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CHICAGO, Aug. 25 (Reuters) – Delta Air Lines (DAL.N) said on Wednesday that employees will have to pay an additional $ 200 each month for their company-sponsored health care plan if they choose not to take get vaccinated against COVID-19.
The move to add a surcharge to health insurance premiums is the latest tactic for U.S. companies to push employees to get vaccinated to fight the pandemic.
A number of US companies, including competitor Delta United Airlines (UAL.O), have imposed injections on their employees to protect their operations against the highly contagious Delta variant of the coronavirus, which has particularly affected parts of the country with lower vaccination levels.
President Joe Biden also urged private companies to demand that their employees be vaccinated.
The surge in coronavirus infections has clouded the outlook for airlines. American Airlines (AAL.O) said on Wednesday that its revenue for August was lower than its internal forecast due to a slowdown in bookings and an increase in cancellations. Read more
The comments came two weeks after Southwest Airlines (LUV.N) issued a profit warning, citing the impact of the Delta variant on its business. Read more
Shares of U.S. airlines have risen in the past two days, however, in hopes that full approval of the COVID-19 vaccines from Pfizer (PFE.N) and BioNTech (22UAy.DE) by the Food and Drug Administration would increase. the vaccination. rate and slow new infections.
In a memo, Delta Air chief executive Ed Bastian said the monthly surcharge would go into effect on November 1. He said the surcharge is necessary to address the financial risk the Atlanta-based airline faces due to the decision not to vaccinate.
Wade Symons, partner and head of the regulatory resource group at global consulting firm Mercer, believes US companies have reached a “tipping point” to take tougher measures to motivate employees to get vaccinated.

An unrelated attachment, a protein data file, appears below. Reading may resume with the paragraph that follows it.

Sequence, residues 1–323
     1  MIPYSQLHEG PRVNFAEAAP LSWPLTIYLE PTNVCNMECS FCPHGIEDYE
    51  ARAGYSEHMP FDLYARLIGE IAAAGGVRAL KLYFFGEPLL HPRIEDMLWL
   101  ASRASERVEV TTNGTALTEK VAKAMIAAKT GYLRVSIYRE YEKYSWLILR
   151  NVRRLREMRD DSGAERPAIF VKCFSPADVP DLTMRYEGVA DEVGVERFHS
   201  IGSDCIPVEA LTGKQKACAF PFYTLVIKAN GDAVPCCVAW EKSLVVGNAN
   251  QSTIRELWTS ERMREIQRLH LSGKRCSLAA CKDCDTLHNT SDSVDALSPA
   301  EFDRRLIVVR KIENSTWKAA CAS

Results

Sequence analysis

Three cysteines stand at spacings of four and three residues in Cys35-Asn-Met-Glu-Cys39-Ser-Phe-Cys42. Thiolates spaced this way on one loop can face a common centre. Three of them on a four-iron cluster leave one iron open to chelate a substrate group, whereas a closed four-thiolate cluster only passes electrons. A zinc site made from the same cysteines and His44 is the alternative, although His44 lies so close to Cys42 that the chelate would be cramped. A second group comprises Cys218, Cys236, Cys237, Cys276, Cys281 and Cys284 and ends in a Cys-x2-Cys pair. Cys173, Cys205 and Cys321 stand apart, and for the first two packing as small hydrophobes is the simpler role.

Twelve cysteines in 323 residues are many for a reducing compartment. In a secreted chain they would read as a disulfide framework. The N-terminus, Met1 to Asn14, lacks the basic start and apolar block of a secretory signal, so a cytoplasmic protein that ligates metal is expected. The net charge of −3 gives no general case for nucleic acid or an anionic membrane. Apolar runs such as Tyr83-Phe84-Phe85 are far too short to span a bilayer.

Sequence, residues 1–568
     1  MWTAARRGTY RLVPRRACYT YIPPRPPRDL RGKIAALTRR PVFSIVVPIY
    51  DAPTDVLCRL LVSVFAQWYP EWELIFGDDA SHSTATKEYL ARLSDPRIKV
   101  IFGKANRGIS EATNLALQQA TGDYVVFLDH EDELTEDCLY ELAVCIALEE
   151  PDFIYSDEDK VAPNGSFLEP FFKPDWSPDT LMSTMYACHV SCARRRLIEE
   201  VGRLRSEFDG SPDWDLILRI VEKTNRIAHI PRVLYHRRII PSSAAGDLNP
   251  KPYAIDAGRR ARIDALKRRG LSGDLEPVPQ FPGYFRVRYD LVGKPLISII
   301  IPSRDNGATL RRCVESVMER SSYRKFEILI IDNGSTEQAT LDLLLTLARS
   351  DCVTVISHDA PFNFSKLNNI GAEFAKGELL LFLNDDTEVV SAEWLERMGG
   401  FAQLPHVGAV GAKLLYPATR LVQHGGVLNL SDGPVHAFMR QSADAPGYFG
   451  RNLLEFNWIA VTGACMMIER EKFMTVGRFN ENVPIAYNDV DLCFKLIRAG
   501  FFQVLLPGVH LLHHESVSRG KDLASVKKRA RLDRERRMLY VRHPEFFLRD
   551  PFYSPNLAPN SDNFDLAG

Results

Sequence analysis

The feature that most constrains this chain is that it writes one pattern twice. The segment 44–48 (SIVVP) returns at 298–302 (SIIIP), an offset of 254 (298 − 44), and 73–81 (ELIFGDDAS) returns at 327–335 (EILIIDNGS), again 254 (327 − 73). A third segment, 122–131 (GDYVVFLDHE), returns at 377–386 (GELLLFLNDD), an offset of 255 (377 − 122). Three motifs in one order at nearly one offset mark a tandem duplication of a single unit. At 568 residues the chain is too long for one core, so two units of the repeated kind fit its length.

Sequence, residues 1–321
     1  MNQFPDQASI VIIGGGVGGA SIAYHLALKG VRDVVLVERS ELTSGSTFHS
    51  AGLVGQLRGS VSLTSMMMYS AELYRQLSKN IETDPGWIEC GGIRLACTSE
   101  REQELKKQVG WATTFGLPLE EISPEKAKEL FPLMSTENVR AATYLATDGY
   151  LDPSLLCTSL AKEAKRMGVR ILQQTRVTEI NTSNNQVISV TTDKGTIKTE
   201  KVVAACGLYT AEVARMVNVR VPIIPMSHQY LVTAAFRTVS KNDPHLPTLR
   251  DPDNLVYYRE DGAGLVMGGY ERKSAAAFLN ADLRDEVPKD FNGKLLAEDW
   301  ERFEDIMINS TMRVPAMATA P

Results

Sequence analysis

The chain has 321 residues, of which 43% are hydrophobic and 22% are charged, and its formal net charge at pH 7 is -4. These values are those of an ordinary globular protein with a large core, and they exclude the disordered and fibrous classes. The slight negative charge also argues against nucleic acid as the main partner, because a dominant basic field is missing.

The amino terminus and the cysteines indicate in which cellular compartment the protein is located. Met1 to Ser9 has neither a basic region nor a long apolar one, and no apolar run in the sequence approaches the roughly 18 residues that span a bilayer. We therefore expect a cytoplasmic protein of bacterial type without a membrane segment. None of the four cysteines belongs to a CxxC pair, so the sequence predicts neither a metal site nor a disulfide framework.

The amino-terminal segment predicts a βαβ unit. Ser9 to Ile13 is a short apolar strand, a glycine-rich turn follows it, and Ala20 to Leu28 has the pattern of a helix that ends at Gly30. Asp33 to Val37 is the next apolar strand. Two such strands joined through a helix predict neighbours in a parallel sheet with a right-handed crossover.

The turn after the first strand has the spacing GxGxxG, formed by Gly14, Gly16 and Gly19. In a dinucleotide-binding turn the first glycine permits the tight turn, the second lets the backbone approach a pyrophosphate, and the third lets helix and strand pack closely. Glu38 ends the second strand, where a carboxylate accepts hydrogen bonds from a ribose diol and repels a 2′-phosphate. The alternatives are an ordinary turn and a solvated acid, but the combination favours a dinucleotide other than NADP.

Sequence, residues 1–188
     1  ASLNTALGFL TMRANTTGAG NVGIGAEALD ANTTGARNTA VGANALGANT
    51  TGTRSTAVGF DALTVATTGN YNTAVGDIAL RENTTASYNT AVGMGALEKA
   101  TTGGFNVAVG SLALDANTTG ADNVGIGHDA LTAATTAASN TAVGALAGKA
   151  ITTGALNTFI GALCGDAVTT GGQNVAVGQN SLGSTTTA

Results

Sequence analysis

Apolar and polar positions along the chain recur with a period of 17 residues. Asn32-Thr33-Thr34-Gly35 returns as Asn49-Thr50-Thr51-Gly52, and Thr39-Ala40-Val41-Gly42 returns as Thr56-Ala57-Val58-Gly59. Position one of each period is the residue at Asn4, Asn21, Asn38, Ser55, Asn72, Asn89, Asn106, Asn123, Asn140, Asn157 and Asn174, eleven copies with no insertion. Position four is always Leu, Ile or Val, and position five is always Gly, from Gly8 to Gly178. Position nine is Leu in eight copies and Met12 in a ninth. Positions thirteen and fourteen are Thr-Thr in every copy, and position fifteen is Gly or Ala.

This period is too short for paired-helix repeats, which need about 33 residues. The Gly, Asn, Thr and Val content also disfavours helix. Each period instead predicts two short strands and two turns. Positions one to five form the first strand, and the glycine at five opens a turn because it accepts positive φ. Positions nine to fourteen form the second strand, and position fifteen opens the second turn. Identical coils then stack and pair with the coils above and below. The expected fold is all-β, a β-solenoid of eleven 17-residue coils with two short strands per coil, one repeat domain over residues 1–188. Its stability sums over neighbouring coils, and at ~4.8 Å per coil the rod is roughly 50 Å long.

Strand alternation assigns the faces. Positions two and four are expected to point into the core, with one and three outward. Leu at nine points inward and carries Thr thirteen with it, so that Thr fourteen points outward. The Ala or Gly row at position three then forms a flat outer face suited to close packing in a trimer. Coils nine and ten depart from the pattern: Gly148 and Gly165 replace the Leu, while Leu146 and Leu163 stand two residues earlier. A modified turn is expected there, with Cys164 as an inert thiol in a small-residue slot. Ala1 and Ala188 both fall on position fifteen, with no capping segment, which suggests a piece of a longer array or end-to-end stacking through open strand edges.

“We expect more companies to announce vaccine mandates and surcharges in the coming weeks,” he said.
Company data shows that a quarter of U.S. employers employing 500 or more people charge their employees additional fees for company-sponsored health care plans if they use tobacco.
Delta Air did not say whether its employees were subject to other surcharges.
PROOF OF INOCULATION
A spokesperson for Delta Air said the average hospital stay for COVID-19 cost the company $ 40,000 per person. The surcharge would apply to the entire workforce and proof or documentation of vaccination will be required to avoid it, the spokesperson said.
Chris Riggins, spokesperson for the Air Line Pilots Association at Delta, said the union did not intend to oppose the proposed surcharge because it would not affect the healthcare plan it he negotiated with the airline for its members.
But since most pilots are not covered by the union negotiated plan, Riggins said they would see an increase in their healthcare costs if they decide to remain unvaccinated.
In the note, Bastian said 75% of Delta Air’s workforce has been vaccinated. However, not all of the employees who have been hospitalized with COVID-19 in recent weeks were not fully vaccinated, he said.
While Delta had refrained from making vaccines mandatory for its staff, its latest move contrasted starkly with the policy of competitors such as American Airlines and Southwest Airlines, which “strongly encourage” their employees to be vaccinated.
American Airlines is giving vaccinated employees an extra day off in 2022 and $ 50 through its employee recognition platform.
Bastian said unvaccinated Delta employees will be required to wear masks in all indoor environments, effective immediately.
Any employee in the United States who is not fully vaccinated will be required to take a COVID-19 test every week. Compulsory testing will begin on September 12.
Those who test positive for the virus will need to isolate themselves and stay out of the workplace, Bastian said.
The company will offer COVID-19 salary protection starting September 30 only to fully vaccinated employees who experience a breakthrough infection, he said.
Reporting by Rajesh Kumar Singh; edited by Jonathan Oatis, Emelia Sithole-Matarise and Steve Orlofsky
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